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Why Harvard Should Refuse Korean Grants

By George Wald

I have followed with deep misgivings the discussion in the press of Harvard's relations with South Korea. Early in 1975 Harvard University was given $1 million by the Korean Traders Association (KTA) to promote Korean studies. Gregory Henderson, political officer at the U.S. Embassy in Seoul (1958-63) and now a professor at Tufts University's Fletcher School of Diplomacy characterized the KTA as "a Korean government agency... responsive to the overall political planning being conducted by the Korean Central Intelligence Agency (KCIA)" (Knight News Service, Nov. 19, 1976). What can Harvard's relationship to the KTA and through it to the present regime in South Korea mean? Let me say what it means to me.

The present government of South Korea is one of the most brutal, venal and corrupt on Earth.

The dictator Park Chung Hee keeps the country in a continuous state of paranoia, based upon the alleged imminence of attack by North Korea. It may bring a little perspective to this situation to realize that the South has 35 million people to the North's 16 million; a GNP in 1974 of $17.5 billion to the North's approximate $5 billion and armed forces totalling 625,000 to the North's 467,000 (International Institute for Strategic Studies, London, 1975-76).

Add to that 41,000 U.S. troops, most of them stationed just below the demilitarized zone, so as to be involved at once in any action. They have at their disposal an estimated 660 to 680 tactical nuclear weapons, with an estimated 1500 more on the Pacific Fleet (Center for Defense Information, Washington, D.C., January 19, 1976). It's an explosive situation. Any day Park, who has a shaky political base, might decide to unify the country by starting a defensive war; or our own forces might decide to trim another tree in the DMZ with consequences far worse than what happened a few months ago. Either way we would be instantly involved in a conflict that would have an excellent chance of becoming the first nuclear war in history.

As for the Park regime, one can gain an idea of its "domestic savagery" (Washington Post, March 19, 1976) from the curious incident on August 15, 1974 when an alleged dissident Korean from Japan tried to assassinate Park during a public rally. The bullets struck Park's wife instead. She was rushed dying to a hospital while Park, emerging from behind a bullet-proof shield, went on with his speech. Afterward there was a great anti-Japanese uproar, and, on September 9, 32 patriots lopped off fingers publicly in Seoul with meat cleavers and sent them wrapped in a Korean flag to then Japanese premier Kakuei Tanaka. Newsmen soon discovered however that those "patriots" were convicts who had been released from jail to perform this act. The government had paid them from $125 to $375 per finger (Newsweek, Oct. 14, 1974).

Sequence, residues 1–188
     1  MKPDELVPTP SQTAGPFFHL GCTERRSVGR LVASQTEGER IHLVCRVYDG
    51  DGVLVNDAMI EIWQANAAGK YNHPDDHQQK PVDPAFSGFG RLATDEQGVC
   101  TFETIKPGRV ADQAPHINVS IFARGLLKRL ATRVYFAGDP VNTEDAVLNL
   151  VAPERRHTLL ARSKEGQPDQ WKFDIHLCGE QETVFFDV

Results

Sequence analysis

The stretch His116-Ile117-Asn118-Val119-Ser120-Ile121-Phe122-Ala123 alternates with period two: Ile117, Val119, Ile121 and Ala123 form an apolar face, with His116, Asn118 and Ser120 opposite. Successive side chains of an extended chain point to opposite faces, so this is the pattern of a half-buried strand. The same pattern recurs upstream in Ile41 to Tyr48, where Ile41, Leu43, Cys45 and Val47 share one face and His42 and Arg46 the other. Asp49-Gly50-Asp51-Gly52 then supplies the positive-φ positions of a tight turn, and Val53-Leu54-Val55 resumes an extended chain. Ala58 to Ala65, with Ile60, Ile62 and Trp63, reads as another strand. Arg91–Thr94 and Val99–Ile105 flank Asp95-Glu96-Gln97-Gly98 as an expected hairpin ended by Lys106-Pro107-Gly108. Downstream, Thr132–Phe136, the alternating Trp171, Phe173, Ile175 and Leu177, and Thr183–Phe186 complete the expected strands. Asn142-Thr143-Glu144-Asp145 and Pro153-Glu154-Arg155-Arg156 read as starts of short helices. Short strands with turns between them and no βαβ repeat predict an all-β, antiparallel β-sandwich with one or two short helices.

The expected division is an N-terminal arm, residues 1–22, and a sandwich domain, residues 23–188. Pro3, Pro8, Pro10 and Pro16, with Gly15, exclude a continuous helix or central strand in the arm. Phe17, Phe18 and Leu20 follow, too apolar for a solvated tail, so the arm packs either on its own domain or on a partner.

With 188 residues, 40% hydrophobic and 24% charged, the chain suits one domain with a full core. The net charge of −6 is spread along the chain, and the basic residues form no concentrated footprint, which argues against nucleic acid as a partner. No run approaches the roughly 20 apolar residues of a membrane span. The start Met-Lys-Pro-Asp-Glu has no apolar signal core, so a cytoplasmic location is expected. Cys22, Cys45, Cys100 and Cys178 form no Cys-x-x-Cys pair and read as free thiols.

I went to Seoul in August 1974 with Fred Branfman and three relatively anonymous Japanese to deliver a petition to President Park to release his political prisoners. It had been signed by 17,000 Japanese, Jean-Paul Sartre, Willy Brandt, Joseph Needham, and--I am proud to say--three Harvard professors: Edwin O. Reischauer, Jerome A. Cohen and Edward W. Wagner. I was in Seoul for just 48 hours, perhaps the most unpleasant in my life, with the Korean CIA never letting up for a moment its bugging and intimidation.

In Seoul we were unable to see the great Korean poet Kim Chi Ha, now in jail serving a life sentence. We did meet the venerable Quaker Hahm Suk Hon, the "Gandhi of Korea," the only Korean who had the courage to call on us. He is now serving an 8 year jail sentence. We also met Kim Dae Jung, who received 46 per cent of the vote in 1971 when Korea last held a popular election. His first words to me were, "I am suffering from a sciatica brought on by an auto collision that I do not think was accidental, and from an anxiety neurosis." I said that was hardly surprising. Exactly one year before he had been kidnapped by the Korean CIA from a Tokyo hotel, and kept blind-folded and drugged until he finally came to, a prisoner in Seoul. He too is serving an eight year jail sentence, and he is likely to die in jail unless released soon, for he needs careful medical attention.

These three men and 16 other persons were tried and sentenced to jail terms of from two to eight years for having issued a "Declaration for the Restoration of Democracy" at an ecumenical mass in Seoul's Roman Catholic Cathedral on March 1, 1976. their fellow prisoners include former President Yun Po Sun; former Foreign Minister Chyung Yil Hyung; his wife, Lee Tai Young, the first woman lawyer in South Korea; and some of the most prominent Catholic and Protestant churchmen in Korea.